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A Student’s Guide to Antitrust (Competition) Law

1. What is Antitrust?

Antitrust is the set of rules and regulations that governments use to maintain and promote competition in the market.

This includes rules against price-fixing between competitors, competitor companies merging to become monopolies, “dominant” companies (such as Google or Amazon) abusing their market power, and even rules against European Member States giving large free cash grants to particular companies or industries.

2. What is it like to be an Antitrust lawyer?

At Shearman, we represent companies who become embroiled in a range of Antitrust disputes. This could include, for example, a company undergoing a large merger where the merger is being investigated as potentially lessening competition; a third party who wants to complain about a merger, on the basis that it will lessen competition; a company who is suspected of being involved in a price-fixing cartel; or finally, a company who is being offered a large cash grant from a European Member State and wants to know if this is in breach of competition rules.

To practice Antitrust, you need to be able to quickly and accurately apply the law to often complex and disputed sets of facts.

Practicing Antitrust law is particularly unique in requiring detailed knowledge of your client’s product market. There is no limit to the markets that can be subject to Antitrust scrutiny: they can range from household consumer items (bottles of water, biscuits) to industrial markets (oil and gas, telecoms), technology and media, and of course financial services.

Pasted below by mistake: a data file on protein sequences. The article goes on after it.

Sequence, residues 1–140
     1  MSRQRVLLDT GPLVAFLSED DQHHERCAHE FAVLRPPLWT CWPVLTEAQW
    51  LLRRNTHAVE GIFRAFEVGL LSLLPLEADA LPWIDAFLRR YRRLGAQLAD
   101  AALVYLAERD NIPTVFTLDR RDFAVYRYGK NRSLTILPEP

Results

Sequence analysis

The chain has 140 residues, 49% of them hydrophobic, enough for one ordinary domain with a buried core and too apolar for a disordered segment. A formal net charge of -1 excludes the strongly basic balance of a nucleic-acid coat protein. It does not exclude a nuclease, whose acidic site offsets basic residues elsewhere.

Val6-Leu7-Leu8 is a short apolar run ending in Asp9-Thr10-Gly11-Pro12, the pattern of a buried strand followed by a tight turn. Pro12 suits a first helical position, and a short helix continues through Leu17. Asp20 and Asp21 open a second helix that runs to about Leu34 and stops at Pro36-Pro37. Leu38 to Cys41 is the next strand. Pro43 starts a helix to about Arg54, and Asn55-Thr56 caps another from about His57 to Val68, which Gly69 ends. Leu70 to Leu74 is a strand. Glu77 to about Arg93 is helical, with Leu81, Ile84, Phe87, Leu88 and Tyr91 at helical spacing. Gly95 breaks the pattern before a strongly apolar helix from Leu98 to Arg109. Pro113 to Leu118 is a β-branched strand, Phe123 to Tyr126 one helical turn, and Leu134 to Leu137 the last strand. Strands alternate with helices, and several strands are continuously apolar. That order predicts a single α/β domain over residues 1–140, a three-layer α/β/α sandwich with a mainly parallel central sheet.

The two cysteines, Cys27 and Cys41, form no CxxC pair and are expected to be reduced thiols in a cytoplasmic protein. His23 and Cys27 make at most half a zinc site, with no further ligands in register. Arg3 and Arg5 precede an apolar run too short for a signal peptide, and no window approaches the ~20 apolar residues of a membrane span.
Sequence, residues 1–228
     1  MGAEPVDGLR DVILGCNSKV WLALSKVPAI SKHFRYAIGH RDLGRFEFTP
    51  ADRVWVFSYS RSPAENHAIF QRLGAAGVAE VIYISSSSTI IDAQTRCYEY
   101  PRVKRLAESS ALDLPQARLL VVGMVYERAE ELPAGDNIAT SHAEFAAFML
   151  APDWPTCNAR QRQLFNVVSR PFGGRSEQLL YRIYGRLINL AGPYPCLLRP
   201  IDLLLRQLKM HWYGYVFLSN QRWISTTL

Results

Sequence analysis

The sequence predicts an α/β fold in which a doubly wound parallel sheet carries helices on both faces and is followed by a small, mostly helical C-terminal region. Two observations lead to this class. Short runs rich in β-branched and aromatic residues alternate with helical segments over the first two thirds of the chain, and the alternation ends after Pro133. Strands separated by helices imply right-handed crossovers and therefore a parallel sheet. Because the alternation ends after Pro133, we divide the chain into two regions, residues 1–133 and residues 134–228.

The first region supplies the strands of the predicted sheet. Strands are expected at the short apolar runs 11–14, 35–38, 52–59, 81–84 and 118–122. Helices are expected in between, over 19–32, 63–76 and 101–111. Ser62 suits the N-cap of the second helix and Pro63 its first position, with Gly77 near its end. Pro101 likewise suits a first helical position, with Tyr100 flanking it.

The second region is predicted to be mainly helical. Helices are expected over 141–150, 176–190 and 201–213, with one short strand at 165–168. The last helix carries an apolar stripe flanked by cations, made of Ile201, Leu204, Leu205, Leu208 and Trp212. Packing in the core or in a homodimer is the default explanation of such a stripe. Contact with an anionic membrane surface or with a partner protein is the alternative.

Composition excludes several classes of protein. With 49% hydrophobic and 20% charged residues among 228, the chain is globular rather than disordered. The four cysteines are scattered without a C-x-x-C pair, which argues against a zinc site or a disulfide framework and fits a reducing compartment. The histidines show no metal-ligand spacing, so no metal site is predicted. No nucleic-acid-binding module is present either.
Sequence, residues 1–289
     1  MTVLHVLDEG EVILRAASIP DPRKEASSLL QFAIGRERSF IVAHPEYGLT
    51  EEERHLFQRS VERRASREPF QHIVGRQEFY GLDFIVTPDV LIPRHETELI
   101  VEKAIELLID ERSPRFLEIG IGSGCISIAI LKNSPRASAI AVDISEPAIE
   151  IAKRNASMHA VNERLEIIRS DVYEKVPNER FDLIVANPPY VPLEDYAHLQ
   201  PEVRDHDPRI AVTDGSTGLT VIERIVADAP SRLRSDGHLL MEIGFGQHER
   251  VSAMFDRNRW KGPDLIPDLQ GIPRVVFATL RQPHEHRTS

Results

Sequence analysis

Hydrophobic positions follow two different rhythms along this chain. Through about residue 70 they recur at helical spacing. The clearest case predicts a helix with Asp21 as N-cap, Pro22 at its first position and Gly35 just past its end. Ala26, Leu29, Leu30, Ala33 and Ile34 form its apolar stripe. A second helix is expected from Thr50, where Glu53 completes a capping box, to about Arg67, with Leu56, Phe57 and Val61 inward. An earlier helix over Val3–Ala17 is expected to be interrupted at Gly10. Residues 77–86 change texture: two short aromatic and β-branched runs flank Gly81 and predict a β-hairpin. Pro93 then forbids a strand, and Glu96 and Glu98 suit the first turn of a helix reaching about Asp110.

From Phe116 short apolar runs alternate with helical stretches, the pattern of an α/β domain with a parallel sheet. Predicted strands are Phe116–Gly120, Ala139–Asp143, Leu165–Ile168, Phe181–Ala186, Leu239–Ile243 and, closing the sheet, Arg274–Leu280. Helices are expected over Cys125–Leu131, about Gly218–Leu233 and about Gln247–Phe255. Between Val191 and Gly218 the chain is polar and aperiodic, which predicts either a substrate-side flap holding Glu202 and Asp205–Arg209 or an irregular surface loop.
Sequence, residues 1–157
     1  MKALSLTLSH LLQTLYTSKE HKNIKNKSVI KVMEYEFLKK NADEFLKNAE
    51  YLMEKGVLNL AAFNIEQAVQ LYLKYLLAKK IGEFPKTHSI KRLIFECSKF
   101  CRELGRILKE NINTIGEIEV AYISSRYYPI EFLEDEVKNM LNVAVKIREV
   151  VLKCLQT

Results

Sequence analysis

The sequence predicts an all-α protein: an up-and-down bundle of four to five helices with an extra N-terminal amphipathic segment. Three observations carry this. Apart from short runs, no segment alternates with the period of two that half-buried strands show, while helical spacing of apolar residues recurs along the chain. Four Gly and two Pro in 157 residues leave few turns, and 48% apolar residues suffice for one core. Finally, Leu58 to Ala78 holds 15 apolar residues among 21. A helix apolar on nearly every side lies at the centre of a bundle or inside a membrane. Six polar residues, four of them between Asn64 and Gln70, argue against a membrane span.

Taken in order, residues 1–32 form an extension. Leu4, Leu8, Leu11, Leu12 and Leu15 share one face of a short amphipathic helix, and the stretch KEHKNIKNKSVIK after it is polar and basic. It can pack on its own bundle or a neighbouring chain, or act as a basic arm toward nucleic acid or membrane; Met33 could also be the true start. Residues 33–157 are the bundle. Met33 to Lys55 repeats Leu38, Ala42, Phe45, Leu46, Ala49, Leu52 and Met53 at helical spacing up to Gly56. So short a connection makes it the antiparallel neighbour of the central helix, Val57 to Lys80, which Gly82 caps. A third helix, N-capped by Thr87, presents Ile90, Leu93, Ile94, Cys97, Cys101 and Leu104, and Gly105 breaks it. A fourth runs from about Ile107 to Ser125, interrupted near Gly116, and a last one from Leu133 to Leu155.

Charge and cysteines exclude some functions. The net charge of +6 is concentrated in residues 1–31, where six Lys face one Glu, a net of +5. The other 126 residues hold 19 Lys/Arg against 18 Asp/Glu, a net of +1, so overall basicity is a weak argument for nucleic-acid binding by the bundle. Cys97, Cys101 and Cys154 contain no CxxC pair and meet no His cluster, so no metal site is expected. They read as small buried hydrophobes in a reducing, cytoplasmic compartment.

You can expect to become a subject matter expert on a range of unexpected and quirky markets!

Antitrust is a politically charged practice area, and can frequently be read about in the press.

Recently, the ‘FANG’ (Facebook, Amazon, Netflix and Google) companies have come under scrutiny, culminating in several multi-billion dollar fines being levied on Google for abuse of its dominant position. You can read our analysis of these complex cases here. An interest in politics and economics, and how these impact the regulation of companies, is an asset in being an Antitrust lawyer.

3. Types of Antitrust

Anticompetitive Agreements: when people think of Antitrust law, they often think of price-fixing cartels. Whilst price-fixing is certainly a “classic” anticompetitive agreement, there are a wide range of agreements, arrangements and concerted practices which may prevent, restrict or distort competition, and which affect or may affect trade within the market. These may be horizontal agreements (between competitors) or vertical agreements (between players up and down the supply chain).